Homebrewing Tips

Collection of tips I found helpful and would like to share with other homebrewers…

  • Take notes on everything! Nothing sucks more than brewing a really delicious batch of beer only to find out you lost the recipe. As you brew more batches you will find yourself tweaking recipes and wanting to reproduce the same quality of beer for the next batch. So take detailed notes. Click here for a list of brewing notes.
  • Form a strong relationship with other homebrewers and your homebrew supply shop. They know what they’re doing so they can quickly troubleshoot any problems you may run into.
  • Keep your leftover grains in ziploc bags. I like to take the stickers off the bags that contains the name of the grain, then I write down the date the bag was opened.


  • Use painters tape as a label for your fermenters. I include the name and style of beer/mead, date brewed, SG, and OG. Leave some extra room so you can add the dates you rerack.


  • Lucky for us we have a very deep kitchen sink. So I make sure to clean it very well and rinse the grit off. I then plug the sink with a stopper and then run the water. Add the StarSan and BAM you’ve got a bath of sanitizer, perfect to leave your airlocks, stoppers, funnel, and other brewing equipment in.
  • Close your windows to minimize dust and airborne contaminates from getting into your sanitized beer equipment and homebrews.
  • When using PBW to clean your carboy or keg, don’t forget to dissolve it first in warm water before dumping it into your carboy/keg. Otherwise it will leave powder behind.
  • When using wooden brewing utensils look for cracks and nicks on it. Bacteria can easily grow there and it will be difficult to thoroughly sanitize it. It will be easier to just purchase a new one.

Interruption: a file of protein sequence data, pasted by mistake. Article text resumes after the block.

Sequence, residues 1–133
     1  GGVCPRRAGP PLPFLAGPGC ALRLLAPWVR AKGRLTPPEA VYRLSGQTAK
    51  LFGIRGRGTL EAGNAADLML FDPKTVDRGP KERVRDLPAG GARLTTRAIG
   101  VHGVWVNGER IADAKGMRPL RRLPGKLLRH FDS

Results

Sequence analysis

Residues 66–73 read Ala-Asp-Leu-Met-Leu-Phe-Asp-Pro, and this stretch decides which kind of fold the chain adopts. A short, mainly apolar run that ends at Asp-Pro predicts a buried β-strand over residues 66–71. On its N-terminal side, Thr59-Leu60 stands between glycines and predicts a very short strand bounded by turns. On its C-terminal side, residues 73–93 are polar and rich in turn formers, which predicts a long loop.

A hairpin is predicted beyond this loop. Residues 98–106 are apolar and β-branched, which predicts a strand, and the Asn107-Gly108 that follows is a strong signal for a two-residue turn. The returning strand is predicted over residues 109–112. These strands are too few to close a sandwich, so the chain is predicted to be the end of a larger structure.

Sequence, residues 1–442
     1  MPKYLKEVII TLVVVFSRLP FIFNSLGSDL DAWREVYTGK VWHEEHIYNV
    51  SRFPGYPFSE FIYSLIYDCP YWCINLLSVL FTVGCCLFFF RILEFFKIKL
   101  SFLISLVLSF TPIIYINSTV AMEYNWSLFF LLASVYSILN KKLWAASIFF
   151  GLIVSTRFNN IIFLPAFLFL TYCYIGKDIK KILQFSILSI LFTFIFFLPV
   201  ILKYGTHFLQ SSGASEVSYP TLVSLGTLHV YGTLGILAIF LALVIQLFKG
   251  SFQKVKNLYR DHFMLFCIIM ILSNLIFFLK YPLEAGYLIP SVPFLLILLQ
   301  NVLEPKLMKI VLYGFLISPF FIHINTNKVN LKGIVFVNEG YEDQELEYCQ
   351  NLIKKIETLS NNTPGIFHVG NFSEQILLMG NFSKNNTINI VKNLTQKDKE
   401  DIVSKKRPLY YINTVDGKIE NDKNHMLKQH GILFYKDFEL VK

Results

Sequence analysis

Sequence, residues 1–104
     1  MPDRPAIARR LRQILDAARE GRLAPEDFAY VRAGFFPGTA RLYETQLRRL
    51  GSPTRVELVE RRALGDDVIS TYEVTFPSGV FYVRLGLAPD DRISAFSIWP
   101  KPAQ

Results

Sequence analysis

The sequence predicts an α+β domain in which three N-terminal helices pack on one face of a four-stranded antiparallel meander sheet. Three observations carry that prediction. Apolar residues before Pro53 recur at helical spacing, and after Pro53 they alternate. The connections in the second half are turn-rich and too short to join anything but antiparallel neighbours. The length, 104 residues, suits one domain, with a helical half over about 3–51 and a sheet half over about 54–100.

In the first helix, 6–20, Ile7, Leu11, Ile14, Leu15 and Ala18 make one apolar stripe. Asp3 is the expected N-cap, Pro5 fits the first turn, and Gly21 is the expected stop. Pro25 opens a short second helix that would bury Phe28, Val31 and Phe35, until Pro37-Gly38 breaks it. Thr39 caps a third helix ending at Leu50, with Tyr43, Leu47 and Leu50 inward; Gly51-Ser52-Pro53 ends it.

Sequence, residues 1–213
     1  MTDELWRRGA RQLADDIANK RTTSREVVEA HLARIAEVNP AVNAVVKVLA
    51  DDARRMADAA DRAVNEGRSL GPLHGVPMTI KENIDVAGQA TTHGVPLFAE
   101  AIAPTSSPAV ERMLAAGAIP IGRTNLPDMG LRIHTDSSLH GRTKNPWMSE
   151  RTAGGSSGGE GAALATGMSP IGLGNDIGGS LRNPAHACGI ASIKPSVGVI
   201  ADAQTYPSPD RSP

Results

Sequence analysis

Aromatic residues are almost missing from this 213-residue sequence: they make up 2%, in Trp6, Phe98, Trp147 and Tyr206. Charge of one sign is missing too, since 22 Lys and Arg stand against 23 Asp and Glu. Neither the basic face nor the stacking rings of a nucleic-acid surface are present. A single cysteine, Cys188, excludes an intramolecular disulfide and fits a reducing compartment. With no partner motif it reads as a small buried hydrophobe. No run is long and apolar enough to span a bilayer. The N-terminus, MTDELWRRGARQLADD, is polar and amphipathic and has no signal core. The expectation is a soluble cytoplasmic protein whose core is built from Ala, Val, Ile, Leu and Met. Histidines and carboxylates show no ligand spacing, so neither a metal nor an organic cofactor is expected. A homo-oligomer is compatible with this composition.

• Fill a spray bottle with Star San diluted with water. Keep it nearby while brewing so you can quickly sanitize anything that has been compromised. Also it is great in sanitizing tap lines.


  • If there is leftover residue in your carboy and you don’t have a carboy brush you can place 1/2 a handful of rice or more in it with some water. Shake vigorously and the scum should come off.
  • If you find yourself not having time to clean your fermenter or carboy immediately, fill it with water immediately so that the residue doesn’t dry thus making cleaning easier.
  • Try to use a larger boiling kettle, at least 6-7.5 gallon pot so you can boil a 5 gallon batch of beer for the full 60-90 min boil and thus producing better beer. Plus the extra space may be needed in case of boil-overs.
  • If your mead recipe calls for tons of fruits use a plastic fermenter bucket than a glass carboy because it’s easier to get the fruit out from a wide mouth fermenter than from a narrow mouth in a glass carboy.
  • Purchase a steel spoon for stirring. It is strong enough to stir through thick, heavy mashes. Plastic spoons are delicate and can melt while wooden spoons can easily become nicked and scratched, thus creating a habitat for microorganisms.
  • Don’t use thermometers with mercury. It can break and is very poisonous.